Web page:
Google's Pagerank and Beyond: The Science of Search Engine Rankings

By Amy N. Langville; Carl D. Meyer | Go to book overview

Chapter One
Introduction to Web Search Engines

1.1 A SHORT HISTORY OF INFORMATION RETRIEVAL

Today we have museums for everything—the museum of baseball, of baseball players, of crazed fans of baseball players, museums for world wars, national battles, legal fights, and family feuds. While there’s no shortage of museums, we have yet to find a museum dedicated to this book’s field, a museum of information retrieval and its history. Of course, there are related museums, such as the Library Museum in Boras, Sweden, but none concentrating on information retrieval. Information retrieval1 is the process of searching within a document collection for a particular information need (called a query). Although dominated by recent events following the invention of the computer, information retrieval actually has a long and glorious tradition. To honor that tradition, we propose the creation of a museum dedicated to its history. Like all museums, our museum of information retrieval contains some very interesting artifacts. Join us for a brief tour.

The earliest document collections were recorded on the painted walls of caves. A cave dweller interested in searching a collection of cave paintings to answer a particular information query had to travel by foot, and stand, staring in front of each painting. Unfortunately, it’s hard to collect an artifact without being gruesome, so let’s fast forward a bit.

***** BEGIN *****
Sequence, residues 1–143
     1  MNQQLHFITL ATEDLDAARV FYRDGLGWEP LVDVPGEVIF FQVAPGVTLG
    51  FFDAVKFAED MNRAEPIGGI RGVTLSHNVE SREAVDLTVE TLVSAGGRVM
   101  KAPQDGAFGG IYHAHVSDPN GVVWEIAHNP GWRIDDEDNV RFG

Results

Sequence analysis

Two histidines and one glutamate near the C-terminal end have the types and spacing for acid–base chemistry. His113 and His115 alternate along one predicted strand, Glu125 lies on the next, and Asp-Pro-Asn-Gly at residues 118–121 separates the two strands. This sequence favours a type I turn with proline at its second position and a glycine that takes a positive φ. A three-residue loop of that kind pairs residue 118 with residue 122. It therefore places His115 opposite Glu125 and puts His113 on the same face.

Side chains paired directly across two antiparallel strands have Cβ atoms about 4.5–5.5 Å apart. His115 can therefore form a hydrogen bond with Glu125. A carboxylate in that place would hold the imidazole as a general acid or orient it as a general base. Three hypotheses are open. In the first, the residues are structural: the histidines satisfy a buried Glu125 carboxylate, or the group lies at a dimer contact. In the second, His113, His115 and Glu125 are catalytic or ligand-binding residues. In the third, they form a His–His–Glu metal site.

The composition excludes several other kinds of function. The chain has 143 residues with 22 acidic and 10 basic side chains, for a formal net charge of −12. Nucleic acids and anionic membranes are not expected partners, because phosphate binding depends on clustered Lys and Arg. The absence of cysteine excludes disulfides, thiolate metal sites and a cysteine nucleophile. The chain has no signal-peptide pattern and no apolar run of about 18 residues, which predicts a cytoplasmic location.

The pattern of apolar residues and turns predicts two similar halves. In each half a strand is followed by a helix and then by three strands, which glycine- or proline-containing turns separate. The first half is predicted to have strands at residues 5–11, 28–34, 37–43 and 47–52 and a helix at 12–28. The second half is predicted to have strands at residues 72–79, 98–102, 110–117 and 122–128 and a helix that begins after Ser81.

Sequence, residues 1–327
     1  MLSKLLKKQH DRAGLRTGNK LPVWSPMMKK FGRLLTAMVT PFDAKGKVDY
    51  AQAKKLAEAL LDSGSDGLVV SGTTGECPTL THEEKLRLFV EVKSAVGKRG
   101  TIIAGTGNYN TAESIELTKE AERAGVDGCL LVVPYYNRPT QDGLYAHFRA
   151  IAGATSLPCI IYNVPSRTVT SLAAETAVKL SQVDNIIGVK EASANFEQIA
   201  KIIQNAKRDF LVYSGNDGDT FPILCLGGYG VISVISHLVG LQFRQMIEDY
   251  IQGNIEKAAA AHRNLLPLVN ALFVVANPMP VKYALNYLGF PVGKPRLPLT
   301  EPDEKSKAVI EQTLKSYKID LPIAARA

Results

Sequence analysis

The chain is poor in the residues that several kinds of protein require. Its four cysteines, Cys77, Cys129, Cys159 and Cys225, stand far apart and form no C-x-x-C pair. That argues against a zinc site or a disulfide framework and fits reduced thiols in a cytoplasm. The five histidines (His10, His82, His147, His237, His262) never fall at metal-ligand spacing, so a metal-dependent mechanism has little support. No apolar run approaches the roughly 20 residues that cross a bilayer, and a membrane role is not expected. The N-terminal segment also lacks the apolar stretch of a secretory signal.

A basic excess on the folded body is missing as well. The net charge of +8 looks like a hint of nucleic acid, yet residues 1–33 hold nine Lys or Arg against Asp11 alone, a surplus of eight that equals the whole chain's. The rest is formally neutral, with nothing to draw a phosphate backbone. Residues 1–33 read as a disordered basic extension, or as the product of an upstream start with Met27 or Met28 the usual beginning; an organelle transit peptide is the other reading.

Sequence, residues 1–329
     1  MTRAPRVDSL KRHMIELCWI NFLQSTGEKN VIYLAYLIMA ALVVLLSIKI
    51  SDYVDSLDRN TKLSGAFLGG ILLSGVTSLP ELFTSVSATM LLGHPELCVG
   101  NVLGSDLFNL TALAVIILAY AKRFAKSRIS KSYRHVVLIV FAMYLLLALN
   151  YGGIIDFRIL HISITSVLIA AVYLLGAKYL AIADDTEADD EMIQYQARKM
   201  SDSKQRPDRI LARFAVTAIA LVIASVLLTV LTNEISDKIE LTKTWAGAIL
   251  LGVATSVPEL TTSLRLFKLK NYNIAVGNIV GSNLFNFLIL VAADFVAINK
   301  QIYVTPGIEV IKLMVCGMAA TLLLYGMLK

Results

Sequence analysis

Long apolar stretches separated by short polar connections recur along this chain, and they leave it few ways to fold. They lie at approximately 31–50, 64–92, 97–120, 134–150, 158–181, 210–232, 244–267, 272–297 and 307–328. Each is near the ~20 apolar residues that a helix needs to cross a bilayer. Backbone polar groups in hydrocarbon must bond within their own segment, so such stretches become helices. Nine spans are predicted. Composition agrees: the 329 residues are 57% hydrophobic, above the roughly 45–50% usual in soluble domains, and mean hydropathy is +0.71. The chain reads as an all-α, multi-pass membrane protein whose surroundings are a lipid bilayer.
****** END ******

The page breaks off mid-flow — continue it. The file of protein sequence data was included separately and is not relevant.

Before the invention of paper, ancient Romans and Greeks recorded information on papyrus rolls. Some papyrus artifacts from ancient Rome had tags attached to the rolls. These tags were an ancient form of today’s Post-it Note, and make an excellent addition to our museum. A tag contained a short summary of the rolled document, and was attached in order to save readers from unnecessarily unraveling a long irrelevant document. These abstracts also appeared in oral form. At the start of Greek plays in the fifth century B.C., the chorus recited an abstract of the ensuing action. While no actual classification scheme has survived from the artifacts of Greek and Roman libraries, we do know that another elementary information retrieval tool, the table of contents, first appeared in Greek scrolls from the second century B.C. Books were not invented until centuries later, when necessity required an alternative writing material. As the story goes, the Library of Pergamum (in what is now Turkey) threatened to overtake the celebrated Library of Alexandria as the best library in the world, claiming the largest collection of papyrus rolls. As a result, the Egyptians ceased the supply of papyrus to Pergamum, so the Pergamenians invented an alternative writing material, parchment, which is made from thin layers of animal skin. (In fact, the root of the word parchment comes from the word Pergamum.) Unlike papyrus,

1The boldface terms that appear throughout the book are also listed and defined in the Glossary, which begins on page 201.

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